BishopAccountability.org
 
  Catholic Faithful Feel Betrayed

By Jennifer Garza
Sacramento Bee
June 12, 2002

In the early 1970s, the Rev. Mario Blanco was a regular visitor to Seavey Circle, a poor, predominantly Latino neighborhood near Broadway in Sacramento.

Like other Spanish-speaking priests, Blanco floated among a handful of Latino parishes in the Catholic Diocese of Sacramento. Many Seavey Circle parents recognized him from their church, Our Lady of Guadalupe, and consented when Blanco offered to take their kids out for ice cream.

The children would go - but they'd all pile into the back seat of the priest's station wagon. That's because they knew something their parents did not. Blanco liked young boys.

"Everybody talked about it," said Eddie Cuevas, a Sacramento bail agent who grew up on Seavey Circle. "All the kids would say, whatever you do, don't get in the front seat with Blanco. So a lot of us just stayed away from him."

Some could not. Blanco, who served in the diocese from Oct. 23, 1969, to April 5, 1973, was later accused of sexually assaulting young boys. After an investigation by church officials, he was ordered out of the Sacramento diocese and left the priesthood.

The diocese eventually settled two claims by men who said Blanco had abused them when they were children. Another man filed suit last month.

In April, Bishop William K. Weigand of the Sacramento diocese announced that 14 priests over the past 30 years have been accused of sexual misconduct with minors. At that time, he named only two: Francisco Javier Garcia and Jorge Moreno. Blanco's name was revealed a few weeks later when a Sacramento man sued, claiming he had been molested by the priest.

The revelations that three priests who worked in the same parishes - two at the same time - had been accused of sexually molesting minors caught many by surprise. Alleged victims are angry because they say they were told they were the only ones who complained. Longtime parishioners are upset because they say they knew nothing about the accusations; many treated the priests like members of their family. And others complained that the only priests Weigand named publicly are Latinos who for years were shuffled among the poorest of parishes.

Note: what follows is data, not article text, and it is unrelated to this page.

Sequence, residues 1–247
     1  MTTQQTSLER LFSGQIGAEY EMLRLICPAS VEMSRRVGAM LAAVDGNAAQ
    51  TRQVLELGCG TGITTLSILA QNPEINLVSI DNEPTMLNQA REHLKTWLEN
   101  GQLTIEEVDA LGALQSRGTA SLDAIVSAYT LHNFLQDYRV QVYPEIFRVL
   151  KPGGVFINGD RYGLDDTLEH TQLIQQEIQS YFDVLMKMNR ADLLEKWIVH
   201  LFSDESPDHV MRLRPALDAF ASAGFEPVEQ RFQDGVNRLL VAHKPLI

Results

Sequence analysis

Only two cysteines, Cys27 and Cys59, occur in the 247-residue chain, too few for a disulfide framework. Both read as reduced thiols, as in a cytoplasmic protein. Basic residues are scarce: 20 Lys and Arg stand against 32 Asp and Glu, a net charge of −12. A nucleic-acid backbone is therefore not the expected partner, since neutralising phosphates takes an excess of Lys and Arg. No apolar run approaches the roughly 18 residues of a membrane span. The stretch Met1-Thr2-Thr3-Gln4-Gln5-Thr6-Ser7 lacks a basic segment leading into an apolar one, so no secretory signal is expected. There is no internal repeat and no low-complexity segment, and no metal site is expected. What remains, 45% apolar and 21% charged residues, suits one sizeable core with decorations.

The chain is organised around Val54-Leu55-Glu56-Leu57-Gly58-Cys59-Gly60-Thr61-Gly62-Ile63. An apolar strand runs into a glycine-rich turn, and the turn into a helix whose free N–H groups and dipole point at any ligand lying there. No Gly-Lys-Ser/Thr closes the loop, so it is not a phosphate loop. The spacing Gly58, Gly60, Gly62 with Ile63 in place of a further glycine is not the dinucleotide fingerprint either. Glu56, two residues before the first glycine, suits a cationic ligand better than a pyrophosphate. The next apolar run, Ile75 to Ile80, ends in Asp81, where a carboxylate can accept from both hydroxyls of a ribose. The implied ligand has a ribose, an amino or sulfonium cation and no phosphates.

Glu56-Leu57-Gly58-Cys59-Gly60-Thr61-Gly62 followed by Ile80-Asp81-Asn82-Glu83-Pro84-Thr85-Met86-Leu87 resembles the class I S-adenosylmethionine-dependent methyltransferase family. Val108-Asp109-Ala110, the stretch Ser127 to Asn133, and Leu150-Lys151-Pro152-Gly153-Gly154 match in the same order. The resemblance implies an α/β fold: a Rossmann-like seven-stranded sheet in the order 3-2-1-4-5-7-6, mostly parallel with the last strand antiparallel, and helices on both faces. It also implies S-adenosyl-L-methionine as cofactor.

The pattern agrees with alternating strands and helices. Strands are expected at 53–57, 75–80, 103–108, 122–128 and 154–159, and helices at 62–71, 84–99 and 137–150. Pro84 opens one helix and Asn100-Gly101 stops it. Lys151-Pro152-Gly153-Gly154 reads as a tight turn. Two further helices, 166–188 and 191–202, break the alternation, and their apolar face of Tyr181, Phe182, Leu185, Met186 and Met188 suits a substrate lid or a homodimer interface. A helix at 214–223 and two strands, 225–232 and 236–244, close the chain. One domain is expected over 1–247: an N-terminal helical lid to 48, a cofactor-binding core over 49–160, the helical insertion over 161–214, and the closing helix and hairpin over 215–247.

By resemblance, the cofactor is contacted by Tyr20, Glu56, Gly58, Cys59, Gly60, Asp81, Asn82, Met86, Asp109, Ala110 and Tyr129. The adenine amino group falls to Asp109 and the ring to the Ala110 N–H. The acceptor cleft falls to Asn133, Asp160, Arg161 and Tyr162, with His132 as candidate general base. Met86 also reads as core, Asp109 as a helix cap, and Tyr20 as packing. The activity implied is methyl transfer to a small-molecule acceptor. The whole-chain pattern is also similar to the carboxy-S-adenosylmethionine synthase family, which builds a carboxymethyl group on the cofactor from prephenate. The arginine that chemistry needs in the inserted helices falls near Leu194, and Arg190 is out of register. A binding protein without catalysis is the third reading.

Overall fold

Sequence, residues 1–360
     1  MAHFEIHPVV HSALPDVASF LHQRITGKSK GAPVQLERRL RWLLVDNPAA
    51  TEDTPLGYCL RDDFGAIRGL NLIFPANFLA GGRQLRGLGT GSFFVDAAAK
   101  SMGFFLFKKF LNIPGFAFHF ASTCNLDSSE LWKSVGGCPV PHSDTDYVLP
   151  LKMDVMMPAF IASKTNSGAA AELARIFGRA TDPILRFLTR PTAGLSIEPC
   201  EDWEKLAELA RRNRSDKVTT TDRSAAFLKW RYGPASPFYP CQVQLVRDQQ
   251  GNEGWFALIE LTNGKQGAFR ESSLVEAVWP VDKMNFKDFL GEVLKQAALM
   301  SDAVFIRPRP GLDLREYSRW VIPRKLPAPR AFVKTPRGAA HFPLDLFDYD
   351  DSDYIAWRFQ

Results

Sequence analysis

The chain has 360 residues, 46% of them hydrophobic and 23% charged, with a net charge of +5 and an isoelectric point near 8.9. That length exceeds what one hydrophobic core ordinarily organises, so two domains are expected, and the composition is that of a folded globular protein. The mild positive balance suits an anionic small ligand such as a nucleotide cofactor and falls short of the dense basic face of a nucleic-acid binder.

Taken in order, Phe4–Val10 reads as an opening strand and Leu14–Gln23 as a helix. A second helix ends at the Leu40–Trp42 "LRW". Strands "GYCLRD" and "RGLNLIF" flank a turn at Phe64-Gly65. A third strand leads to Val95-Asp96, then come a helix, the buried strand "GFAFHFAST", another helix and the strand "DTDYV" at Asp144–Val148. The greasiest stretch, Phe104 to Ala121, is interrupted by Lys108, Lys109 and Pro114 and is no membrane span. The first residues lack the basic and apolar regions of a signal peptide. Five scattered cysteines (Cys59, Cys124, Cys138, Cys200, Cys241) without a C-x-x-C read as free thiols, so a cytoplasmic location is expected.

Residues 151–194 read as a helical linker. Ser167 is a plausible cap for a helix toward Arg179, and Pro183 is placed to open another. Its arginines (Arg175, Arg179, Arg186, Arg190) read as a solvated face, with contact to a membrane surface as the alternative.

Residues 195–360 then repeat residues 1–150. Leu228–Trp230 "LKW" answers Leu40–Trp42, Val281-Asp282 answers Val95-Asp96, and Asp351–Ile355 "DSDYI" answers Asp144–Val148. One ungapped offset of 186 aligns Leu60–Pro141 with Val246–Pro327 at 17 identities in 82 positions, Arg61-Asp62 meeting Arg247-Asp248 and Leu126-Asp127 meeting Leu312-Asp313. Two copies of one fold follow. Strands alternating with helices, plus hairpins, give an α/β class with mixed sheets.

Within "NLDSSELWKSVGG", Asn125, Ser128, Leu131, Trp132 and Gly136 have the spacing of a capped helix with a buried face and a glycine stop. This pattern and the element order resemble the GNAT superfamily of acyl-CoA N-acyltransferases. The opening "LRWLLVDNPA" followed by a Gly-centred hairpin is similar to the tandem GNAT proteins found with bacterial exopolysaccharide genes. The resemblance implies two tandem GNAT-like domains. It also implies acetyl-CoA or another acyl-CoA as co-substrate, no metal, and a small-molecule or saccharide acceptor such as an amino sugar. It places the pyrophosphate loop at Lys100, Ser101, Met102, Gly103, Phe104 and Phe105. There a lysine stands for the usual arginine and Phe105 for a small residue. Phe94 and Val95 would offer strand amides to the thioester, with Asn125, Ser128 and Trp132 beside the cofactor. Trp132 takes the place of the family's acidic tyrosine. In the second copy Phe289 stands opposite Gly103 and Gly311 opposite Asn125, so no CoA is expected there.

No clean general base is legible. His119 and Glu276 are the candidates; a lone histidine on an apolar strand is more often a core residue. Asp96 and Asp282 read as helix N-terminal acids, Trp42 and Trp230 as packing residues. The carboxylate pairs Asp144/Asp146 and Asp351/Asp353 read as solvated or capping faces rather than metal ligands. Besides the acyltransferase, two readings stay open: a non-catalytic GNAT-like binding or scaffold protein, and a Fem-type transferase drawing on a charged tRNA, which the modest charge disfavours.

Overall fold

As U.S. bishops prepare to gather Thursday in Dallas to discuss a nationwide sexual abuse scandal, the story of these three Sacramento priests helps illustrate why the U.S. church is now in such a crisis. And why many believe the biggest challenge facing the bishops is restoring the trust of the faithful.

Diocesan officials say they dealt with the situations as best as they could at the time.

"I don't think anyone knew," said the Rev. Tom Bland, priest personnel director for the diocese. "And when they realized there was a problem, they did something."

A sense of betrayal

The three priests left the diocese years ago, but their alleged victims remember them clearly. Garcia was soft-spoken and kept to himself. Moreno was outgoing and had a gold front tooth. Blanco, a musician, started youth bands.

The 44-year-old man known as John Doe in court papers is now married, the father of two, and works in computers. Looking back, he says, he must have been an easy target.

He was a shy 13-year-old from south Sacramento. His father had died the year before and his mother was deeply devout. "She had complete respect for priests," he said.

He met Blanco when the priest came to his church to start a youth band. "What really gets me angry is that this guy preyed on someone so vulnerable," he said.

All three priests have been accused of preying on poor, Latino children. Some of their parents did not speak English. Others were not here legally. Often, a parent was deceased or out of the house.

"People trusted them," said a 46-year-old man who says he was molested by Garcia when he was 10. His parents were migrant farm workers in Dixon. "We were poor, but I remember my mother would always give him an extra portion of dinner because he was our priest."

Some say the priests took advantage of this trust.

"The Latino community was particularly hard hit by church policies protecting pedophile priests," said Joseph George, a Sacramento attorney who has represented Latino men who say they were molested by Blanco, Moreno and Garcia.

"Because of cultural values surrounding sexuality, these young men were particularly traumatized. ... Many of them could not discuss these incidents with their family."

Aurelio Berumen waited years before telling anyone. He says Blanco molested him for a little over a year, ending when Berumen was about 13. Later, Berumen became an alcoholic and a drug addict. He blames his problems on Blanco.

"When I heard that there were other victims, I was furious," said Berumen, 44, who received a $10,000 settlement from the diocese in 1991. He said he was told he was the only one to complain about the priest.